Values are the guiding principles on which your family business is built. They define your company’s standards, character, and culture, and set the ground rules for the behavior of each and every one of your employees.
Creating and communicating the corevalues of your family business lets you and your employees know what you stand for and how to act or react in any situation. Here is a simple example using two car companies:
- Company A produces exclusive luxury cars priced at $80,000 or more. Their values are Quality and Luxury.
- Company B produces practical cars for the general population that cost less than $30,000 each. Their values are Quality and Affordable.
Both companies task their engineers with designing a stick shift for a new car. Company A’s engineers design a fancy leather stick shift that is elegant and reliable. Company B’s engineers design a stick shift that is easy to use and reliable, but is made from ordinary materials. While each company values quality and reliability, their stick shifts are different because their engineers understand they are also defined by the values of luxury vs. affordability.
If you currently have company values, it is important to clarify how your employees’ actions should align with your values. One simple way to do this is to fill in the blanks in the following statement: “Because (Value) is important to us, we do (Action).”
If you have not yet defined your company’s core values, here are some guidelines for discovering them:
1. Identify your own values and what is most important to you when leading your business.
2. Involve your employees. They are more likely to be invested in your values if they have input into identifying them.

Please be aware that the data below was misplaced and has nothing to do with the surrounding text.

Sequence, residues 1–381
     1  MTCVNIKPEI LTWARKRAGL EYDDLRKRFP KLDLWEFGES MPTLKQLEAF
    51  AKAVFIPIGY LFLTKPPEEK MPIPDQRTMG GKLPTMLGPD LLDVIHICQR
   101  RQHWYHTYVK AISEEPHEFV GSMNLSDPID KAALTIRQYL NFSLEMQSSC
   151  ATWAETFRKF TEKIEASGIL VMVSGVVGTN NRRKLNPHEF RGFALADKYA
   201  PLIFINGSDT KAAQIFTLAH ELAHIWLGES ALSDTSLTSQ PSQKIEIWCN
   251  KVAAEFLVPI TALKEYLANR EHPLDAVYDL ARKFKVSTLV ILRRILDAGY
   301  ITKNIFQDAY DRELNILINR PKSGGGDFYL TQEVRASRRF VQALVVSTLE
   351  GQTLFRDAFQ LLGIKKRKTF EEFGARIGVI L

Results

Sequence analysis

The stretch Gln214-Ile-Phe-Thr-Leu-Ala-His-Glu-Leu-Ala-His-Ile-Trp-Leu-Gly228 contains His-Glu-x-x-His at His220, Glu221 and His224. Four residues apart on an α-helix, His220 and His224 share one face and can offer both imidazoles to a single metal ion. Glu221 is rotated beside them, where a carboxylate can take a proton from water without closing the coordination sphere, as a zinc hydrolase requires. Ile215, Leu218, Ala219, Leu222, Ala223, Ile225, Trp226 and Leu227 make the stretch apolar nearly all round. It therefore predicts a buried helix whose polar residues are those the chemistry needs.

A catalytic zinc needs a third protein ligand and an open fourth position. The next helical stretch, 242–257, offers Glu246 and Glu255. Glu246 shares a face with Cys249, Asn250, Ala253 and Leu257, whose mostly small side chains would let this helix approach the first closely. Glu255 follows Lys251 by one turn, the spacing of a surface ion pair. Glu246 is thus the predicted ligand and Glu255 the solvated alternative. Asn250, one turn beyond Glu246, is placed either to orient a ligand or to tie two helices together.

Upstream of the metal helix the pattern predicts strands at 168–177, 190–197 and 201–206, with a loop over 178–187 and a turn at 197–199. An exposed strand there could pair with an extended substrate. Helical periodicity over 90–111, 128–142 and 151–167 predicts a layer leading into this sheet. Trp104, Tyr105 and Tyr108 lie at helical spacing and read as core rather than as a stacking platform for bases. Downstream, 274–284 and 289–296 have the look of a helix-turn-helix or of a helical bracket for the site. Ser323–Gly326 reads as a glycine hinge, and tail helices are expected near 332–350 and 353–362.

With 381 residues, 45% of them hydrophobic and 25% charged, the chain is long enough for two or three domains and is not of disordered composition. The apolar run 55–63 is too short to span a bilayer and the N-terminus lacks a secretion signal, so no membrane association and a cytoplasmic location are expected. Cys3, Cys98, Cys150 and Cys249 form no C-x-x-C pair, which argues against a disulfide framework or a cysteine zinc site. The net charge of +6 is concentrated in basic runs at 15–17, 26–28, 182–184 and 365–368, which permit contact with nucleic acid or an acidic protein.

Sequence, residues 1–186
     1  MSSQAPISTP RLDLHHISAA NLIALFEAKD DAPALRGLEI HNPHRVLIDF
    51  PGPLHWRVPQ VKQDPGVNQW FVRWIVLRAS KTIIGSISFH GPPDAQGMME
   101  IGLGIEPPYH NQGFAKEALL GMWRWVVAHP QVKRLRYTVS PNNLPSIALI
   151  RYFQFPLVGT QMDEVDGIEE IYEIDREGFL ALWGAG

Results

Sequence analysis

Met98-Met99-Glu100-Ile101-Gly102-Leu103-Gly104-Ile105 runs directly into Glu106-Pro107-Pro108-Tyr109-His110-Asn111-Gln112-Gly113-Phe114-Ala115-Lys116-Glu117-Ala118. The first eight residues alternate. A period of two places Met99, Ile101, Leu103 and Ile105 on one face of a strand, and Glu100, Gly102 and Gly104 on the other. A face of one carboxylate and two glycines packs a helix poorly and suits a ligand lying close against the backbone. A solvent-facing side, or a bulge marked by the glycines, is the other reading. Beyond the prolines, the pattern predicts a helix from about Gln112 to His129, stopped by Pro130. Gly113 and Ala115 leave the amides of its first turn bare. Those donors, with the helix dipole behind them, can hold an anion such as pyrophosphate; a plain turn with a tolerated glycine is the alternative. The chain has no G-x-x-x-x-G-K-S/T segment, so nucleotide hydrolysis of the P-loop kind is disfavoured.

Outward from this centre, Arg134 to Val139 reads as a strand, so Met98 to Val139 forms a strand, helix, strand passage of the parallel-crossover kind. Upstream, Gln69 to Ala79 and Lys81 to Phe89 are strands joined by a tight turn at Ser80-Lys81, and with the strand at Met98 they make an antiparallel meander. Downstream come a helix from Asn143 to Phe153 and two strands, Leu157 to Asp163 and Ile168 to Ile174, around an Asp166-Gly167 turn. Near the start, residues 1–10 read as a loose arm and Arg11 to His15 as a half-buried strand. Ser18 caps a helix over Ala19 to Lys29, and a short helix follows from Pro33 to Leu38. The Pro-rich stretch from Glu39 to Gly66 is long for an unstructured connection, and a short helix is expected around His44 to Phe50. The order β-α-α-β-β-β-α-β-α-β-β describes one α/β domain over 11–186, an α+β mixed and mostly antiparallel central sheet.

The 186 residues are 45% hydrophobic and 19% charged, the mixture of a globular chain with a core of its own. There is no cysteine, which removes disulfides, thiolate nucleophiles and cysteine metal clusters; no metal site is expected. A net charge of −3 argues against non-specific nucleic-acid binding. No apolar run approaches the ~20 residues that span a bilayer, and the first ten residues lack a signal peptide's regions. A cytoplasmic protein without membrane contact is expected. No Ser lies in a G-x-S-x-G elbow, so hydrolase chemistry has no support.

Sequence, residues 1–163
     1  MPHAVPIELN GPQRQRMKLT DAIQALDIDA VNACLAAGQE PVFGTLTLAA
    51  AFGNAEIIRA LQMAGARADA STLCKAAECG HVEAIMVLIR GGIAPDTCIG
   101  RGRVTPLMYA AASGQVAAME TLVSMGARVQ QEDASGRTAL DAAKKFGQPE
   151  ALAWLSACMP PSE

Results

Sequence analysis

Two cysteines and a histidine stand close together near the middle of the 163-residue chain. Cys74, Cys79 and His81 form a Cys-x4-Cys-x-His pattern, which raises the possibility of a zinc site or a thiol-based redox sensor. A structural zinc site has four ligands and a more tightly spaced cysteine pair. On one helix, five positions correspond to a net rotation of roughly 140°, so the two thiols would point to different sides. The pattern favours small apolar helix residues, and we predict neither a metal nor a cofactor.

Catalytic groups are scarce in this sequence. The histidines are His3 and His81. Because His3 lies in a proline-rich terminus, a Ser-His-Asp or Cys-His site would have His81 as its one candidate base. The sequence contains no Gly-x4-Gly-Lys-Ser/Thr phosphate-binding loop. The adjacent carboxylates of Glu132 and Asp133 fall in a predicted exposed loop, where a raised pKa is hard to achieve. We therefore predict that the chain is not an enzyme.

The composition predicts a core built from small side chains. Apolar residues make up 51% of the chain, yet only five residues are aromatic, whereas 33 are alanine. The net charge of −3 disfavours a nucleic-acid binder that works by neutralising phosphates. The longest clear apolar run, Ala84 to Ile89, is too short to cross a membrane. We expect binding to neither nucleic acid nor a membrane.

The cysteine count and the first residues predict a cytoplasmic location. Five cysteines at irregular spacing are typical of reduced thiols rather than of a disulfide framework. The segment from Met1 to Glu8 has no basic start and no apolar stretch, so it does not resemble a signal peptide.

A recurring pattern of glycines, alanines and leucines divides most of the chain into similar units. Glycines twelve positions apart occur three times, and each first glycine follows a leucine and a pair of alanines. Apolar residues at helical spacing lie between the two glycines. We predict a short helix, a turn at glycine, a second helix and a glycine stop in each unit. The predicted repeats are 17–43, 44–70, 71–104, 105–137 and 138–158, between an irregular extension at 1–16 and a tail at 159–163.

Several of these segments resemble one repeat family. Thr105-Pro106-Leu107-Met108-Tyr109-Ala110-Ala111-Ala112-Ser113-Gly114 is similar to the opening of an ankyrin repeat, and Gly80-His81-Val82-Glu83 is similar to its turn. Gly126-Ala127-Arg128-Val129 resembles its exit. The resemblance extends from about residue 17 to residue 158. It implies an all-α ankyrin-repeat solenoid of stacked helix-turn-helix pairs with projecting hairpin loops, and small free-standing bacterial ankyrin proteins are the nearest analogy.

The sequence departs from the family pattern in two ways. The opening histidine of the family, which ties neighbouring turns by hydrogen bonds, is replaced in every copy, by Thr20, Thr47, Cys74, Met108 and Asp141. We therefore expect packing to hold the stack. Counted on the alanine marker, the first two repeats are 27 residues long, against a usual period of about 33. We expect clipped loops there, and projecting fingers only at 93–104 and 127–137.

- In his book Traction, Gino Wickman suggests implementing a process where you ask each member of your team to “list three people who, if you could clone them, would lead you to market domination.” Share the names and ask everyone to list the characteristics these people embody and the qualities they exemplify. The result is essentially a list of core values that matter to your employees.
3. Choose 4 to 7 of the values that you and the majority of your employees agree with.
4. Define the derivative practices based on these values that you want to encourage. Here are two examples:
- “My company believes innovation is important, so each department holds a quarterly innovative thinking meeting.”
- “My company believes that innovation is important, so we have a department dedicated to innovation and new product development.”
Core values serve to guide your family business on the path to success. Investing time in developing these principles will ensure that everyone is aligned with a common purpose and lay the foundation for a cohesive and productive team.